I’ve been asking myself this same question lately. My blog represents just one direction in my personal quest to come up with some tenable, but certainly by no means complete, answers.
Recently, while browsing some articles on Insider Higher Ed, I stumbled upon Andrew Taggert’s take on this question, which he has phrased as “How can I lead a life of the mind outside of the academy?” It’s a four-part series, but I’m particularly taken with part 2.
Part 2 is so cogently written (in my estimation) that I only want to offer some tid-bits here. (You can read the full version by clicking on the “part 2” link above).
- On the seeming implausibility of a “life of the mind” outside of the academy:
“I have suggested so far that part of the problem stems from the way we think about leading a life of the mind. We assume that only the university can provide us with the shelter we need in order to undertake disinterested inquiry.”
- On how aspiring academics can reconfigure their PhD work as not necessarily a narrow career path but rather modular, versatile training:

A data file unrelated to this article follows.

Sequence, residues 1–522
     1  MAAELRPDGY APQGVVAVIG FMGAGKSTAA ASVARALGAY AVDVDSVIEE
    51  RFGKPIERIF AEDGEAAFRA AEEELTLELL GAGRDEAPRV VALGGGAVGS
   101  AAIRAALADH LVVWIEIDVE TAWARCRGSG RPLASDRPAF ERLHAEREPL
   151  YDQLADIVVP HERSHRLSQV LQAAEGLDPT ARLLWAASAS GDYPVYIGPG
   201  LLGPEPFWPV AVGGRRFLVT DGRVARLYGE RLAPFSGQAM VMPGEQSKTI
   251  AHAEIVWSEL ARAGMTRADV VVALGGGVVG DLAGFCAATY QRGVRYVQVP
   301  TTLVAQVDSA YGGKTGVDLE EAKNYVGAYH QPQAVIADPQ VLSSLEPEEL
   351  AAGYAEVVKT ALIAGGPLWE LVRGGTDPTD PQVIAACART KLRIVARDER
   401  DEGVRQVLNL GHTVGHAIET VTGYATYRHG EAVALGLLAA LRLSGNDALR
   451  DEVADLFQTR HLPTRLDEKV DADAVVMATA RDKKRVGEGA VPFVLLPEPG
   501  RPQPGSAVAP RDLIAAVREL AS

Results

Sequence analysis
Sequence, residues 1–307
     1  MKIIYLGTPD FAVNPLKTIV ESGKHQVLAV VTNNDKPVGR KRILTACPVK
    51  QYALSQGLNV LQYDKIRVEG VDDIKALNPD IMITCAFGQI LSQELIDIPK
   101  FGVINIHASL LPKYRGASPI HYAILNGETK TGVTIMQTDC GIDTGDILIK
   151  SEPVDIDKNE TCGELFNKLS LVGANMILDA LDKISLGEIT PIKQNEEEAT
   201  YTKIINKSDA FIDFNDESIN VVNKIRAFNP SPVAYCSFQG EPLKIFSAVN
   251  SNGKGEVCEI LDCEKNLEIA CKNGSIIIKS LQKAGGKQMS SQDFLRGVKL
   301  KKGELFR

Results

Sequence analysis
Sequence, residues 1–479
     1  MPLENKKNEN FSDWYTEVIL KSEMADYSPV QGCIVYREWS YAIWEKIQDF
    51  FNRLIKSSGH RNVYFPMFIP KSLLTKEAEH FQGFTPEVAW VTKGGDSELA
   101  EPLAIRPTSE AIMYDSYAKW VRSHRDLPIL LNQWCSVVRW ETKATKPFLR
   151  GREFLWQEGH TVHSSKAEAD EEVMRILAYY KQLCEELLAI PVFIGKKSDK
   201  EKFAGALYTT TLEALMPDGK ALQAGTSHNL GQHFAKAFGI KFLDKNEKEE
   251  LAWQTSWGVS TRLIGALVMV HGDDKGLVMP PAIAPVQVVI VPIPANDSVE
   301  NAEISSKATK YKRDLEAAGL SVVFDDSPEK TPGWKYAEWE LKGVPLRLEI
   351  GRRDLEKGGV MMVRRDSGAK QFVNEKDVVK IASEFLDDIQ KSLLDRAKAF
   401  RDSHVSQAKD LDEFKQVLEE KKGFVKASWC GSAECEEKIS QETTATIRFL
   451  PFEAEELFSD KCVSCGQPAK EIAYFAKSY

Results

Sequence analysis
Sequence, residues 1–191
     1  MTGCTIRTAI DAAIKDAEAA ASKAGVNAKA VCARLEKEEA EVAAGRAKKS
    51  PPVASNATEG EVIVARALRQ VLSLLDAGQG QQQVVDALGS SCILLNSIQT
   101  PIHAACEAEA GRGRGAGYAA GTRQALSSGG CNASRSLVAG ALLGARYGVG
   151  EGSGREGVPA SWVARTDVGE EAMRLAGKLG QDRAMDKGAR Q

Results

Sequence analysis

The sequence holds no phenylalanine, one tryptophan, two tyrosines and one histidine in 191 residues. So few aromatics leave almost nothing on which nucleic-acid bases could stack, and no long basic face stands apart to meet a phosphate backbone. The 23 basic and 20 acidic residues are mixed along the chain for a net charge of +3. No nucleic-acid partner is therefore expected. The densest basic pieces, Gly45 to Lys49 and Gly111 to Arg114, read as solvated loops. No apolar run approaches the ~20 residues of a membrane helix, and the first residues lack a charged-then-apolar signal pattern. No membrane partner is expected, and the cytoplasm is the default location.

“…[T]he notion of a Career is, for many people, a thing of the past. We can mourn the loss of this life-structuring narrative, or we can ask how we might see this problem as an opportunity–in our case, as an opportunity for leading the life of the mind by some other means.”
- And what I really like about Taggert’s piece? Pursuing a life (of the mind) outside of the academy doesn’t (necessarily) mean selling out.
I should say that I’m not looking to leave the academy per se. As I get closer to completing my degree, I’ve found that my teaching experiences and research work have become ever more meaningful and enjoyable, simply because they’ve gained so much practice and focus. Indeed, I still am pulled rather intently to the academic life and am particularly interested in pursing positions where my teaching is valued. But, I’m also starting to appreciate the extent to which my PhD training has prepared me to simply lead a life of the mind, and how fortunate am I to come to realize that this “life” isn’t necessarily bound by the confines of the college campus.